Keep things where you’re actually going to need them

Don’t be tempted to keep things where you think they SHOULD go. Put them exactly where it is most handy for you. For example, we kept loads of River’s stuff in our cupboard under the stairs. It’s spacious, it’s got a light, and it keeps stuff tucked away when we’re not using it. But we quickly found it wasn’t practical.

So we repurposed the cupboard in the console that is directly next to his buggy. Blankets, baby carrier (use code MELISSA10% for a discount!) raincovers, snowsuits, changing bag- anything we might need to travel with now lives in there. It makes it so easy to grab it on the go, and gets us out of the door quicker.

We had to do a bit of a rethink for the other items that were in there before, but that was easily done, and if anything, it forced us to streamline the rest of the house too.

Keep things together for BABY- spoons in baby cupboard, not in cutlery drawer

Categorising is a very personal thing. We can go by alphabet, colour, type, size- you name it. The best piece of advice I would have (especially if you’re looking to save time and space) is to categorise by event. For example, I could keep all my bowls in one place, and all my cutlery together too. But really, if every spoon in my house was in the same spot, it would be annoying. River tends to eat dinner at around 4.30, and Robert and I at around 7- so our stuff does not need to be in the same place.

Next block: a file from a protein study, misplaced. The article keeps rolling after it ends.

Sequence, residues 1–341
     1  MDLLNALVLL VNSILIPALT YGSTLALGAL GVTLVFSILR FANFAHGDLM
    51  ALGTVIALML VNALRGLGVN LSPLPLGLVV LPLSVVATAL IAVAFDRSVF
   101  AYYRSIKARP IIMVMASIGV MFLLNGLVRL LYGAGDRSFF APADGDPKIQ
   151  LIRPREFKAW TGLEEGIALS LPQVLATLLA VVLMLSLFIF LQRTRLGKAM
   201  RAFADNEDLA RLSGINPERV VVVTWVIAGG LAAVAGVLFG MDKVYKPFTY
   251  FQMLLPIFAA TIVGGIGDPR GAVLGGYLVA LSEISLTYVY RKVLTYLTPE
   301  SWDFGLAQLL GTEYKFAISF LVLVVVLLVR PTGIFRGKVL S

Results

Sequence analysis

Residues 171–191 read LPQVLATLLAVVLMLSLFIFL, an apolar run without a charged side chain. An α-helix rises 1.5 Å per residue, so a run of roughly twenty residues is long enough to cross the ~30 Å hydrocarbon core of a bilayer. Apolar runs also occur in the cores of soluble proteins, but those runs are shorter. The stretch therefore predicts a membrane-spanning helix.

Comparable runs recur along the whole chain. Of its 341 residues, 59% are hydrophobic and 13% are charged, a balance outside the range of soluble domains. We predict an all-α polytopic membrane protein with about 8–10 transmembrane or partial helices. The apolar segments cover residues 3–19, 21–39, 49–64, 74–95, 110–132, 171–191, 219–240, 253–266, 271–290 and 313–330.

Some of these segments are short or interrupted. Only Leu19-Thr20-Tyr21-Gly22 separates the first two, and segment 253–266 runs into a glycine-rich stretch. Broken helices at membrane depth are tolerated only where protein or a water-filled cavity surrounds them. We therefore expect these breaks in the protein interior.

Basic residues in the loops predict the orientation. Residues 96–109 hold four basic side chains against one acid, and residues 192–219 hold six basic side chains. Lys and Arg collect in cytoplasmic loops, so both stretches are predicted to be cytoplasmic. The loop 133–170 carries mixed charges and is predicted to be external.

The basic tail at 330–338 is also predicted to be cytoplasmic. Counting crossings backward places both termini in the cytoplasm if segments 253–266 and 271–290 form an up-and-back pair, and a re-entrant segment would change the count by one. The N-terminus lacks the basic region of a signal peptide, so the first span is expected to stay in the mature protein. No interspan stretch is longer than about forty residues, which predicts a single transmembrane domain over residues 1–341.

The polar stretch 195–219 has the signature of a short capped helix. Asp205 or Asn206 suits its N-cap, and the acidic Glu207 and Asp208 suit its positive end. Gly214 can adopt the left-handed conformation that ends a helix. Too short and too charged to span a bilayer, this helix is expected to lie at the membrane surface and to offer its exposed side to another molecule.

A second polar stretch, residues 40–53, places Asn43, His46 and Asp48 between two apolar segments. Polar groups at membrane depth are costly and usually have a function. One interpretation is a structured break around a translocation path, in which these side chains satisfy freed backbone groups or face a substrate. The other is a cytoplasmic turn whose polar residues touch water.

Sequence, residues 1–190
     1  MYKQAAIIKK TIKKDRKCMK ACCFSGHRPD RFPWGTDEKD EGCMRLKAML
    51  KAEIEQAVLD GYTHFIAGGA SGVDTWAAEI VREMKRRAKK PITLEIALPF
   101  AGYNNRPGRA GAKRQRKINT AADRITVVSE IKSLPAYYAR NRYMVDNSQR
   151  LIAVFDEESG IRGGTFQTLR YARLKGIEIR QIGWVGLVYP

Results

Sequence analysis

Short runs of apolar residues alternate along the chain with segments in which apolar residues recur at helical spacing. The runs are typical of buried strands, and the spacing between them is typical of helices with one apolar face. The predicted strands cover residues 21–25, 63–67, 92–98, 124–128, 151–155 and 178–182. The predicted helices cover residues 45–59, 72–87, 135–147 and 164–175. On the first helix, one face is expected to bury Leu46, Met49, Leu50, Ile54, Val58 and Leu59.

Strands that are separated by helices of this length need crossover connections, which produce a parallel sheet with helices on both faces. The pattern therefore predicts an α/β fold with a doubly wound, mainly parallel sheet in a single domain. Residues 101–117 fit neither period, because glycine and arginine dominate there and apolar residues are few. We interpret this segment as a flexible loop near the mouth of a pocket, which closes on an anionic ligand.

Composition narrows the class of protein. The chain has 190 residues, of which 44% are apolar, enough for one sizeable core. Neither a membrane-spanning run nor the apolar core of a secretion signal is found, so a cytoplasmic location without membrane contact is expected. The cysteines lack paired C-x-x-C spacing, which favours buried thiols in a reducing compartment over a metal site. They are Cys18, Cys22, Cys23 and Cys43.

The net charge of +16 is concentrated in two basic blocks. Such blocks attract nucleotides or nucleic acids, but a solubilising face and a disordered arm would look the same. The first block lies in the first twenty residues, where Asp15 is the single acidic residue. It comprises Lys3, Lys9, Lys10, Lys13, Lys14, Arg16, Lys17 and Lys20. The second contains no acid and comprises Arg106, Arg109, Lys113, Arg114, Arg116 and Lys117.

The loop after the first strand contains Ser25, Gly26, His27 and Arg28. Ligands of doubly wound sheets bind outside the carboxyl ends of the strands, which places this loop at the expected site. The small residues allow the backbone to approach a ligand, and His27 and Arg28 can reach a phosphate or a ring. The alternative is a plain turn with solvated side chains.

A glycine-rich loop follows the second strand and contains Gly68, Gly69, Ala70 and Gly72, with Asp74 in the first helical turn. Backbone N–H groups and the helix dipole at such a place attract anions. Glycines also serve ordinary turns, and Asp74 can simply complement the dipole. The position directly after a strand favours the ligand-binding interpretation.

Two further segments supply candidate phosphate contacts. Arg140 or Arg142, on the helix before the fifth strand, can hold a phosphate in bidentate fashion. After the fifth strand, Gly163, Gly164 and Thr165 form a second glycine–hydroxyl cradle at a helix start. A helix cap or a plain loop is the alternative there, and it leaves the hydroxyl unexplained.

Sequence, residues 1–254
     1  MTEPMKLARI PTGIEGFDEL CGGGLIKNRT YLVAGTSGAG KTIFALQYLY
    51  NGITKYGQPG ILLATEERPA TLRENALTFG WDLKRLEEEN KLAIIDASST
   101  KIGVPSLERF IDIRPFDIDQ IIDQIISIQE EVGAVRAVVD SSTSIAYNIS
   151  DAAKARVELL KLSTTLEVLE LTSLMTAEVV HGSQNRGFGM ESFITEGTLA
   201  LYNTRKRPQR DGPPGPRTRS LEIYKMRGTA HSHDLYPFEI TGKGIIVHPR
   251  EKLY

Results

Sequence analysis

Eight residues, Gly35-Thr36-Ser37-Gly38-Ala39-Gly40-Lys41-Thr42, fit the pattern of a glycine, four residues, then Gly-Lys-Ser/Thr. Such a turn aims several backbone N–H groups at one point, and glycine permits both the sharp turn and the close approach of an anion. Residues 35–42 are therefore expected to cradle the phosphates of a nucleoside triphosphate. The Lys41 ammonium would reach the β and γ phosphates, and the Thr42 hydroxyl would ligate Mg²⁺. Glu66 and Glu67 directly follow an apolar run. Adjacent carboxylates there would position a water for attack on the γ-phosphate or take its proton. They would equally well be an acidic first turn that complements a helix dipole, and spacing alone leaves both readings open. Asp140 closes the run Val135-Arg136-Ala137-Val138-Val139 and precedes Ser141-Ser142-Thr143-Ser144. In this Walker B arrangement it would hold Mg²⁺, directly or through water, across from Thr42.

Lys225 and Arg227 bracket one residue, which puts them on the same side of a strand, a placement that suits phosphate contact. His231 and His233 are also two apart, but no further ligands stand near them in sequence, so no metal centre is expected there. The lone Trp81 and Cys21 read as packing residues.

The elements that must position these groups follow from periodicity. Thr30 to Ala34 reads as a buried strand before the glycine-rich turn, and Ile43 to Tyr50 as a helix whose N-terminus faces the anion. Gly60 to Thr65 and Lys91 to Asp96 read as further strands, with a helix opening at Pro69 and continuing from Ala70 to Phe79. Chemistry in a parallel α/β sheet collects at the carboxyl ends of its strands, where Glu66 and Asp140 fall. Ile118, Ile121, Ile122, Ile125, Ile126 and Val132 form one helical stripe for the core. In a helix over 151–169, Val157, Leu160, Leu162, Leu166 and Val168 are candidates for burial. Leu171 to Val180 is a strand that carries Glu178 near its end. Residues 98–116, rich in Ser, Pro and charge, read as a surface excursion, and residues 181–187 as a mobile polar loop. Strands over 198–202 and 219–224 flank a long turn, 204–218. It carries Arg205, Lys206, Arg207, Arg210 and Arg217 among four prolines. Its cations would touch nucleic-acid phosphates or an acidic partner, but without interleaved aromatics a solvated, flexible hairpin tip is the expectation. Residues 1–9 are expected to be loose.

River has his own cupboard in the kitchen, and everything of his is in there- bowls, spoons, bottles, beakers, snacks. It definitely works for us. If I’m making him porridge in the morning say, the oats, bowl and spoon are all in the same place, rather than me bouncing around the kitchen. Time is of the essence with a baby- they’re not exactly the most patient people- so every second counts. This also allows me to keep a good eye on when we’re running low on something for him, and ensures I keep the cupboard well stocked and don’t get caught short.

Remember- the house is for you AND your baby.

I’ve tried to make the house as functional for River AND for me and Robert as I can. I need a side table next to the sofa for pumping purposes and whatnot, but I’ve made sure it’s one that can fit a basket that contains all of River’s nappy changing items. It keeps them tidy, they’re not an eyesore even though they’re technically on display, and more to the point, they’re exactly where I need them.

Our ‘rug’ is a foam playmat, but instead of being those colourful squares that sort of slot together, it’s a stylish area rug looking thing that keeps him safe from bumps without me going crazy.